I visited Prague for the first time last weekend with my boyfriend. What a beautiful city; its streets are lined with grand pastel-coloured buildings and red-roofed houses. There is a wealth of historical architecture from the Jewish Quarter up to the castle, and its quaint, cobbled streets don’t get tiresome to wander around.
And of course, I’d heard a lot about Czech beer. At around 90p for half a litre of good quality pilsner, you can’t go wrong. The food however, I hadn’t heard much about…
If you opt for a meatless diet, it’s best to do a bit of research before going away, especially if you want to sample the local cuisine.
For a short three-day trip, we managed to eat a lot of food! We visited two vegan restaurants, but the first of the two was the most memorable for me.
On the first evening, we were super excited to try traditional Czech food, so we jumped on the metro to Plevel.
A little off the beaten track, this cosy café-come-restaurant had a friendly floral interior and was bustling with young Czechs and laid back staff. As we were keen to try traditional Czech nosh, I opted for the vegan equivalent of brawn to start.
I had no idea what ‘brawn’ was, but the waitress seemed to think it was nice, so I thought, why not? Soon after however, the sensible part of my conscience laughed in the face of such spontaneity…
As described by Wikipedia, brawn is a ‘terrine or meat jelly made with flesh from the head of a calf or pig, or less commonly a sheep or cow, and often set in aspic.’ So, in its traditional form, it’s very much a meaty concoction.
On Plevel’s menu the dish is described as ‘Agar brawn made from vegetables, soya and tofu’, with onions, vinegar and brad. I wasn’t really sure what to expect.
I now know agar is a type of jelly. The dish is what I imagine a combination of meat loaf and cat food taste like – not to my taste!
So round one of sampling Czech cuisine didn’t go so well. But luckily, the main course made up for it.
For the main, I had vegan goulash with dumplings. Described as ‘spicy goulash with soya meat, cooked with beer and served with homemade dumplings’, I was intrigued to see what this dish would look like.
The sauce was a thick, soupy consistency which tasted of creamy pumpkin and herbs. In amongst the sauce were big chunks of soya meat and as you can see from the photo, there was a tangy lemon slice and scoop of chunky cranberry jam to offset the rich sauce.
On the side were thickly sliced dumplings that had a soft and doughy texture and absorbed the goulash well. This type of dish would be perfect in the cold, winter months.
The portion was enormous, and so as is very rarely the case, I couldn’t finish it all. Unfortunately, neither of us had any room left for pudding. Two of us had two courses and we each had a glass of wine/beer, for the equivalent of about £15.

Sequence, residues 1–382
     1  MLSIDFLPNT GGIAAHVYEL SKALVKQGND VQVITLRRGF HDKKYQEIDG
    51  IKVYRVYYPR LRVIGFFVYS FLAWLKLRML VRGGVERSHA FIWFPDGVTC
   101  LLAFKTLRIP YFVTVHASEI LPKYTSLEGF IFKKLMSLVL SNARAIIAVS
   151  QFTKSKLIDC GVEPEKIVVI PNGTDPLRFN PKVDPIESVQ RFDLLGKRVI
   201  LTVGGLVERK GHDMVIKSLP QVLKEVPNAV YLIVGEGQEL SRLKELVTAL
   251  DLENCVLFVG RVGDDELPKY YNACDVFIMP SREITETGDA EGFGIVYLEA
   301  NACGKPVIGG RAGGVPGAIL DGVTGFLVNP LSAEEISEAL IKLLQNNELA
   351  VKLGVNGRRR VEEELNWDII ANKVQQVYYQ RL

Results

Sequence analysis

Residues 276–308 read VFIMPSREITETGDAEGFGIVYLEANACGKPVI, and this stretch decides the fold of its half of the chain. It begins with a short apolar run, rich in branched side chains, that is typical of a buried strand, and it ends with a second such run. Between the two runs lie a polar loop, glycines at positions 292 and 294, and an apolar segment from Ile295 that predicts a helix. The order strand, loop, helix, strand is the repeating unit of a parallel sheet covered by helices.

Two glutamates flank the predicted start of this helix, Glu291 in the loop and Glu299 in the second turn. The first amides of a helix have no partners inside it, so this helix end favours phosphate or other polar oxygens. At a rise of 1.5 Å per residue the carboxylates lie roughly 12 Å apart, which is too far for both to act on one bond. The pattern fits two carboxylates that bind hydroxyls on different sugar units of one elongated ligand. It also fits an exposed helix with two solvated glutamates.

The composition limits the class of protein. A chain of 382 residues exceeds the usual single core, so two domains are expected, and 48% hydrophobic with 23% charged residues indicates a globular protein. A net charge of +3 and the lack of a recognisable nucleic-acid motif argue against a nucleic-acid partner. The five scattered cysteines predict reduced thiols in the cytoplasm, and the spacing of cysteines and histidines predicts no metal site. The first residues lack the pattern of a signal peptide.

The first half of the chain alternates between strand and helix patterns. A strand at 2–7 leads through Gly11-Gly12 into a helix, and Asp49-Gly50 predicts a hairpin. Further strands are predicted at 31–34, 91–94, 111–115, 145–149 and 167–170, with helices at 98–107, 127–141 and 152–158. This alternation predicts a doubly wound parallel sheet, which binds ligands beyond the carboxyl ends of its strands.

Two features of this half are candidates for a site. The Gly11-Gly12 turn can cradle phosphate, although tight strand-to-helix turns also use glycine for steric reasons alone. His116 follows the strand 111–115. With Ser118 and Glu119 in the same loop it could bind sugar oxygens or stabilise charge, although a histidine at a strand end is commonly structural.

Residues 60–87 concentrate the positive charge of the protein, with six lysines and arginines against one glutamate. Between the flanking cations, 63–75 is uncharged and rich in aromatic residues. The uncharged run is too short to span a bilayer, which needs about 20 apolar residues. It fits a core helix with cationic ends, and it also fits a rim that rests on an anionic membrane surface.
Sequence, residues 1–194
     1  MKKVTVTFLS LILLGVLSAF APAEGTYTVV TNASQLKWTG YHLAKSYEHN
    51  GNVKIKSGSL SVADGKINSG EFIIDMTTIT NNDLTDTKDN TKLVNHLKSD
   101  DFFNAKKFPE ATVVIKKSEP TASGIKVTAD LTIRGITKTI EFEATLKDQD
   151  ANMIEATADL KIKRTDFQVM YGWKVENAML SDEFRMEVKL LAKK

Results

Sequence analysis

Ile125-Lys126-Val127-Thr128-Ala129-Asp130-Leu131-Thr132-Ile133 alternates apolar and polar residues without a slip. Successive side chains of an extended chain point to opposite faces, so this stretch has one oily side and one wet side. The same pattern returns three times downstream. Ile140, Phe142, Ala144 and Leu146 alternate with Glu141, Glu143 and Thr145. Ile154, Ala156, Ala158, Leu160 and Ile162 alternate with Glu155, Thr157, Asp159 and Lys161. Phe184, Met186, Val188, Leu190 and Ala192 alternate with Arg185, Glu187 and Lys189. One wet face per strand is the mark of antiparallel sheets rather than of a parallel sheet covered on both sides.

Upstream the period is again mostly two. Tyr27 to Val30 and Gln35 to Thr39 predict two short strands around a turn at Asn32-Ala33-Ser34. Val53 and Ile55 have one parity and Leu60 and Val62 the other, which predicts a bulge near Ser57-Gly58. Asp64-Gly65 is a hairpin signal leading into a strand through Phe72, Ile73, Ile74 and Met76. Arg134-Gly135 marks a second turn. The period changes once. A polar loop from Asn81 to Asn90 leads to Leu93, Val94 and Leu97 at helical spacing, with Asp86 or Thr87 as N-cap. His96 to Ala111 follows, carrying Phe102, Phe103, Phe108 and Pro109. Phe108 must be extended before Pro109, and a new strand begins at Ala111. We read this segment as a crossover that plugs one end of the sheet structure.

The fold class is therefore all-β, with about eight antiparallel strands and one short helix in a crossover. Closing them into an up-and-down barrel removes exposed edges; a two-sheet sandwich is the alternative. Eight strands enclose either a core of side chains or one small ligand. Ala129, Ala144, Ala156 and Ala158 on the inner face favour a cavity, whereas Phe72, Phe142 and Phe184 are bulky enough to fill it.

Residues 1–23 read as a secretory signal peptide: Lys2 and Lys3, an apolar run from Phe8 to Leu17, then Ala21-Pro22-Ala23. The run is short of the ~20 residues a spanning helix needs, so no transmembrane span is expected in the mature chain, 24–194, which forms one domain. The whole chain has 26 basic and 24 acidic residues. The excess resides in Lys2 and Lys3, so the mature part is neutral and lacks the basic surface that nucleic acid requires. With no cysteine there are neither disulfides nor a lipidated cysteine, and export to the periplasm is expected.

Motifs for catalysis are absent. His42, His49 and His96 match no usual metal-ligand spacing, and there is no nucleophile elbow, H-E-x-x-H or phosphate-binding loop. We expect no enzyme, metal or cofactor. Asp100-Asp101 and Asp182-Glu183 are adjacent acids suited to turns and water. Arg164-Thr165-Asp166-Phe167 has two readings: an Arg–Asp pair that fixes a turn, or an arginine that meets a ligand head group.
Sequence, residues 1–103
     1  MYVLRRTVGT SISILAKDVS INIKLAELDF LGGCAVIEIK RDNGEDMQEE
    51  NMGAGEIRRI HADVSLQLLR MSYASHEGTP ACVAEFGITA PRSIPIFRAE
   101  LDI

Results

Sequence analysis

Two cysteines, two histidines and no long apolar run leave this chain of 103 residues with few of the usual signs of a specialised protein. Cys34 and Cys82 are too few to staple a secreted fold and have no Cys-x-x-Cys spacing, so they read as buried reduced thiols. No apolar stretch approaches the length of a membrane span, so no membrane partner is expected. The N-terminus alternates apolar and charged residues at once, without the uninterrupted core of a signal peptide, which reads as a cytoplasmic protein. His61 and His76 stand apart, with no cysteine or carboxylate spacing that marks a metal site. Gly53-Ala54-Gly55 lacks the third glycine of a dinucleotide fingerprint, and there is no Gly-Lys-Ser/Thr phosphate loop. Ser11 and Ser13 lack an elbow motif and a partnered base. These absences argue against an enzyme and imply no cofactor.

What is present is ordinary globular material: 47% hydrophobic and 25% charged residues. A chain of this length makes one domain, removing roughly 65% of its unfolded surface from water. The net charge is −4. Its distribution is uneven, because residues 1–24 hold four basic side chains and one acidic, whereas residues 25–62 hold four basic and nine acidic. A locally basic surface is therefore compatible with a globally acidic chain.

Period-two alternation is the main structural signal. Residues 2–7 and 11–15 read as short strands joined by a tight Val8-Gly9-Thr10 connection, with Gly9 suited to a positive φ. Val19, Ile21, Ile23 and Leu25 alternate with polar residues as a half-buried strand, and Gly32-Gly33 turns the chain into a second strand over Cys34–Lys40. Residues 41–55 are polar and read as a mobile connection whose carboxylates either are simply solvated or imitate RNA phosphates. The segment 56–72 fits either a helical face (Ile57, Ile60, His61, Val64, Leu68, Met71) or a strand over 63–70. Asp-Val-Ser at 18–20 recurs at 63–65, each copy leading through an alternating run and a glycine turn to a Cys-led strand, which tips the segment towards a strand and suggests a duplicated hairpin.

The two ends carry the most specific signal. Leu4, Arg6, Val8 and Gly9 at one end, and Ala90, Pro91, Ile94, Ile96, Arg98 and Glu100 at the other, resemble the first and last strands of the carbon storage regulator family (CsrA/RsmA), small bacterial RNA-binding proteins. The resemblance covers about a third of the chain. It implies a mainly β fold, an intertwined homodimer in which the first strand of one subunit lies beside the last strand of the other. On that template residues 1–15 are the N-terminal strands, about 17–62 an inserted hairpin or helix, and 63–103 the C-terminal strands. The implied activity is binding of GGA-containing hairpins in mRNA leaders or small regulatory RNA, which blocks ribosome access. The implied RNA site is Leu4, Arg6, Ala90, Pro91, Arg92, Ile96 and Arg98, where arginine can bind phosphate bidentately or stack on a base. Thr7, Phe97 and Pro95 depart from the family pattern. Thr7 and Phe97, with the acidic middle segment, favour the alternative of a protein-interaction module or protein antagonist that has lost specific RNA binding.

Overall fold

If you’re off to Prague and fancy trying the local food without the meat, Plevel is definitely worth a visit.
The second vegan restaurant we visited was located in the Little Quarter, a more touristy part of the city. Up a sloped street and with a few sets of winding stairs to climb up, by the time we made it to the restaurant, we’d earned our dinner.
With a more hippy/spiritual vibe, the walls were decked with canvases of photography from around the world, particularly from Asia.
Having learned from having eyes bigger than our bellies the night before, we decided to share a starter: a classic vegan entrée with a twist – double houmous – the classic dip as well as a beetroot version.
The portion sizes were modest in comparison to our feast the night before, but provided a tasty, light starter, well-presented with a contemporary look.
For the main course, I chose the vegan burger, described as a ‘mixture of black beans and smoked tofu in homemade bread, with grilled potatoes and homemade tartar sauce.’
I don’t think I’ve ever ordered a burger out without it coming with chips, so this was a revelation. The potato stack was quite light and went well with the tartar sauce which was fresh and creamy and tasted of spring onions.
The burger was served in a fresh, springy bun with a crisp, crunchy salad, but the burger itself was a little on the thin side for my liking.
Overall, I thought the quality of the food at LoVeg was high in terms of presentation and choice, but it was a bit pricier – I would imagine because of the location (though still very cheap compared to London) – and the huge hearty portions from the night before made my choice of meal look a bit small on the plate.
The waitress was really friendly however and the organic draught lager was delicious.